“It’s simple. I treat people as if I’ve known them for five years. I go deep immediately.” That sounds deceptively glib, networky; but make no mistake, it’s an approach to socializing and building meaningful relationships born of a long learning curve. Growing up, Metellus says, he was cripplingly insecure — chalk it up to strict parenting and the drizzle of psychodynamics that goes with it. He overcompensated.
“I called it the reverse turtle,” he says. “Instead of being introverted and choosing to hide, I was extremely extroverted, and it was a complete mask. I was pretending to be a giant until I became one. I came across as cocky, but on the inside I was freaked out by everybody and empty. It’s like I was borrowing someone else’s personality to make it through the day.”
It took some growing up to successfully merge the extrovert and the introvert, the bon vivant and boon companion. No masks here: When you see Jerry Metellus at a party, that’s Jerry Metellus. “When you’re being yourself, you give people permission to be themselves, and it leads to authentic moments people wish for,” he says. And those moments are what counts, whether it’s with someone you’ve known for 20 years or 20 minutes. He compares those moments to beads on a necklace. “The bigger the bead, the richer the moment,” he says. “Why be tentative and make tiny beads? I go for the big beads.” — Andrew Kiraly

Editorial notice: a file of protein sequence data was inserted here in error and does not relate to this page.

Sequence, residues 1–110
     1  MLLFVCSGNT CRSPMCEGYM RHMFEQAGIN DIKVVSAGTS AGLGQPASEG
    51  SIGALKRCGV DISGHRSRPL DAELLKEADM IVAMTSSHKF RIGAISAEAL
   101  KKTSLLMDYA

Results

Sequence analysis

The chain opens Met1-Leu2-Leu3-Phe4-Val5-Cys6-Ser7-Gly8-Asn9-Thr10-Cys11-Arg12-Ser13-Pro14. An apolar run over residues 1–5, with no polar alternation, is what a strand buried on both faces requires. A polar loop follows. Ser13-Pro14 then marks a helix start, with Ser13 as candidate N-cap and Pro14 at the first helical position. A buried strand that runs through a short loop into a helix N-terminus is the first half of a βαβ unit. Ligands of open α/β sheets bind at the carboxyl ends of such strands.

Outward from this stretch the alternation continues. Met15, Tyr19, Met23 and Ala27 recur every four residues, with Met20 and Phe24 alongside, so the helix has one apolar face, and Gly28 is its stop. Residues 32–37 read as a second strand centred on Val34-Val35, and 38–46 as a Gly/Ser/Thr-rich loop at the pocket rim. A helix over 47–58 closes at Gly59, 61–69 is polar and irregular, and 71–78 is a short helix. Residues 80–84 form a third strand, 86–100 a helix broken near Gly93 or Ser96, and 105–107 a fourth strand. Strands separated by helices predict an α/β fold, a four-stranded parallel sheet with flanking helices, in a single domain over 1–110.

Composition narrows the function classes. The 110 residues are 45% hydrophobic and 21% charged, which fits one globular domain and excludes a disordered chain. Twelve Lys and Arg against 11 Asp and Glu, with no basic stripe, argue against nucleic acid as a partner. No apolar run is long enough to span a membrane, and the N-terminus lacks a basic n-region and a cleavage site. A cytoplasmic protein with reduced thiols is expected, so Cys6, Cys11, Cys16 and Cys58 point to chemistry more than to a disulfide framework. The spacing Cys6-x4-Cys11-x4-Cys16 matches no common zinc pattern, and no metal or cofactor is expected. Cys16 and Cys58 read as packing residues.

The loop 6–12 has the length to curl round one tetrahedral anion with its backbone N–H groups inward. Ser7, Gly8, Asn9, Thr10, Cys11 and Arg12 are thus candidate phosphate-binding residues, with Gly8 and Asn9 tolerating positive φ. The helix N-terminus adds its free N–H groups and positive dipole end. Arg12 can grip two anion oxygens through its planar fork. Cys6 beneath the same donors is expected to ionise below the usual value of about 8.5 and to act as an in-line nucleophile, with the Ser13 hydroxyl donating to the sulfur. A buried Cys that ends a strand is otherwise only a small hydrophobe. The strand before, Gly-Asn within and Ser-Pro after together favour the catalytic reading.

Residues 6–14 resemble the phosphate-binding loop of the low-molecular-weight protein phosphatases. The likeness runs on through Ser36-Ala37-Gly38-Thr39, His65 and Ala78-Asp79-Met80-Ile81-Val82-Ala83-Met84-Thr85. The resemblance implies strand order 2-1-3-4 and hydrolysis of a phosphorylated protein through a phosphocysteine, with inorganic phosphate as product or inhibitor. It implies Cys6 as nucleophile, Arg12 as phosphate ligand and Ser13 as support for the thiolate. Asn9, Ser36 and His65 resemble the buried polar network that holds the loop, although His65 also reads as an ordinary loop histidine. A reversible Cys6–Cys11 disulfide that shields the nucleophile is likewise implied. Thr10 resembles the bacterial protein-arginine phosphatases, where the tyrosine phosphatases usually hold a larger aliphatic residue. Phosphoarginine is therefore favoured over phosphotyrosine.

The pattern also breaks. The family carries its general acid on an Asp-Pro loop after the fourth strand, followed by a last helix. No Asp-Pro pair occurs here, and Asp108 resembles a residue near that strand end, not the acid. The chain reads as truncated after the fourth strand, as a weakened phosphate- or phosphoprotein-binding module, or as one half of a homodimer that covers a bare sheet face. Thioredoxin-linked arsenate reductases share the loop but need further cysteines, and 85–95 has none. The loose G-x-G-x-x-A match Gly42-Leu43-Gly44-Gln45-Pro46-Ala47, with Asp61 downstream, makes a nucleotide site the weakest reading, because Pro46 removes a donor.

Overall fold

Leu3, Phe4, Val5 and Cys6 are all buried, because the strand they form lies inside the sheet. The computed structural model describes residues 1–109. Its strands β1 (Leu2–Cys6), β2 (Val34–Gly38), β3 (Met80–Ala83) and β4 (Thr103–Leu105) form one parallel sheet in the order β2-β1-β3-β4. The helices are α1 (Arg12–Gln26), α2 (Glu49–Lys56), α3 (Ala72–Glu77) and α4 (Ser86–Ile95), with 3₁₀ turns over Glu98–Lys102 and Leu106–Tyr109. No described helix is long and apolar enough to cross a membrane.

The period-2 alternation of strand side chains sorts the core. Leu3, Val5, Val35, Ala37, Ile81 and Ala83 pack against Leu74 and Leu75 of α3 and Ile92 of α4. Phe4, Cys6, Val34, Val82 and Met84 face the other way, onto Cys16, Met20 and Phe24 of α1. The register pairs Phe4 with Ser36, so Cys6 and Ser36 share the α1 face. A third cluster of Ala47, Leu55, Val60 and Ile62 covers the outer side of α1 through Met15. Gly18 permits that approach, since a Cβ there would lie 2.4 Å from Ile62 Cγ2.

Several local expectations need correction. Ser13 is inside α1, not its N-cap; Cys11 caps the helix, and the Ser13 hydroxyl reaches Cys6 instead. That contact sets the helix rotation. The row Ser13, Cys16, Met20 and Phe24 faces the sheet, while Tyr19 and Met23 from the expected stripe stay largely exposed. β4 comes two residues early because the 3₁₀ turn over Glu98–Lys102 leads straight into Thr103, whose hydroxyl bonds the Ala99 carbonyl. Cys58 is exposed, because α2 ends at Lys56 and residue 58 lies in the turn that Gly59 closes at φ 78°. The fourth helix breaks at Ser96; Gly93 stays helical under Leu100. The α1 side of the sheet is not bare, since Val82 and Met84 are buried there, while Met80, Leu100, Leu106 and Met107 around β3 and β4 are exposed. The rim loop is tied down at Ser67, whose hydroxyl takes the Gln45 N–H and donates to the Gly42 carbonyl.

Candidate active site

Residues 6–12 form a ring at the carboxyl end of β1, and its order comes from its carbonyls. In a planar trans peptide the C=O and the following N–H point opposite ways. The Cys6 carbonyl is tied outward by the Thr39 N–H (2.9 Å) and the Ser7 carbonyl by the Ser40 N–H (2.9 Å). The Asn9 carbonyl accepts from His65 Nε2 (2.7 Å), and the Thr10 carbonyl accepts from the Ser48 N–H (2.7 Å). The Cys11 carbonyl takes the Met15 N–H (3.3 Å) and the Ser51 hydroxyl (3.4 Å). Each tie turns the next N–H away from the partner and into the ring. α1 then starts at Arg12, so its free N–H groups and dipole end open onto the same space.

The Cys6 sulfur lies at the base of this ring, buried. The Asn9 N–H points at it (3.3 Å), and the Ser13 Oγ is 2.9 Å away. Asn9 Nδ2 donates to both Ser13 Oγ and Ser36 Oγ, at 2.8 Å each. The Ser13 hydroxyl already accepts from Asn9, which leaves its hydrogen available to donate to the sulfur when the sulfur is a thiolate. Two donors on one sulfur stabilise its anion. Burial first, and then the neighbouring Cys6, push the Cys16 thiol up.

BFFs! Best Consumer Reporter
Darcy Spears, KTNV Channel 13
Butterflies tamped down and cameraperson ready, boom, she’s into a Filipino fast-food joint that got 40 demerits on a recent inspection — just short of closure. People ought to know this, right? Video now rolling, Darcy Spears calmly asks the startled, befuddled woman behind the counter about the kitchen’s rampant issues. You can only see the back of her head, but Spears is cool and insistent, clearly an advocate of the eating public, but her demeanor is not without a tinge of restraint — there’s no showbizzy, gotcha bombast on this tape. She exhibits a morsel of sympathy — and perspective. “I try not to take myself too seriously,” she tells us later, of the station’s weekly “Dirty Dining” segments. She’ll zazz it up with a little sarcasm now and then. “It’s not the end of the world,” she says, “it’s cockroaches in the kitchen.”